Essays on user acquisition, retention, experience, engagement and purchase decisions of a hybrid mobile wallet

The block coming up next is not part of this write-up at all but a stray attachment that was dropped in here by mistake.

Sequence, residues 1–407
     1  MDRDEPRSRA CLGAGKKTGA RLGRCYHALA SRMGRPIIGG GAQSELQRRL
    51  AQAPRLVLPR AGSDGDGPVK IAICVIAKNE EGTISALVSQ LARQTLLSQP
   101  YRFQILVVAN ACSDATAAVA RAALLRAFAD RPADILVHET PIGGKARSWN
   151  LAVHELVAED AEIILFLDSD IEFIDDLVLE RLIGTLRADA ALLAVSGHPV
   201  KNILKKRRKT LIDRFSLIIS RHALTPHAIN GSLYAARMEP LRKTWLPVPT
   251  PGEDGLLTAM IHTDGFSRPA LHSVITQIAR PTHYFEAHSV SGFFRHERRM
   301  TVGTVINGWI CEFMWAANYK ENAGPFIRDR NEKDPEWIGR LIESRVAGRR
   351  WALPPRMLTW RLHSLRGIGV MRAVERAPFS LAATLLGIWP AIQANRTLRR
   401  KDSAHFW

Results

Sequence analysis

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The popularity of “mobile wallets” (or “mobile payment” platforms) is one of the most prominent trends in the mobile commerce (m-commerce) era. However, like most mobile applications (apps), mobile wallet apps usually suffer from low repeat usage rates. Most extant research on mobile users’ app usage behavior focuses on the early stage of app usage, such as app download and adoption intentions, and researchers know little about what makes a mobile payment app successful in engaging users, maintaining user base, and achieving favorable economic outcomes. In addition, extant research on mobile users’ experience, engagement and usage are based primarily on subjective survey responses, and there has been a lack of empirical investigation on users’ actual behavior. To bridge these research gaps, this dissertation empirically examines multiple stages during users’ app usage with individual-level tap stream data from a hybrid mobile wallet app. The first essay explores three intersections: first, it considers jointly users’ acquisition and retention processes with the mobile wallet app; it also examines the relationship between acquisition and retention; and third, it analyzes the effects of marketing and operational factors on the previous two processes. Results of the analysis suggest that while an aggressive “onboarding” promotion at “born” stage has a positive effect on user acquisition, it does not have any effect on subsequent retention. In addition, this dissertation finds a negative duration dependence on both acquisition and retention compounded by a negative correlation between the two processes. This negative duration indicates an unfavorable situation, which suggests the ineffectiveness of current marketing promotion strategies in gaining loyal users for the mobile wallet app. The second essay examines user experience and user engagement with the mobile wallet app during multiple usage sessions. Measuring user experience and engagement with observable user actions based on individual-level tap stream data, the essay investigates the effecs of user experience and firms’ marketing efforts on user engagement and purchase decisions. The results reveal an intermediate role of user engagement between user experience and purchase decisions. Surprisingly, the negative experience of technical failure does not always discourage users in engaging with the app or making purchases. Through empirical exploration and novel findings on mobile users’ app usage pattern, and through new determinations of the effects of marketing in the context of the emerging mobile payment, this dissertation contributes substantively to the literature of mobile marketing.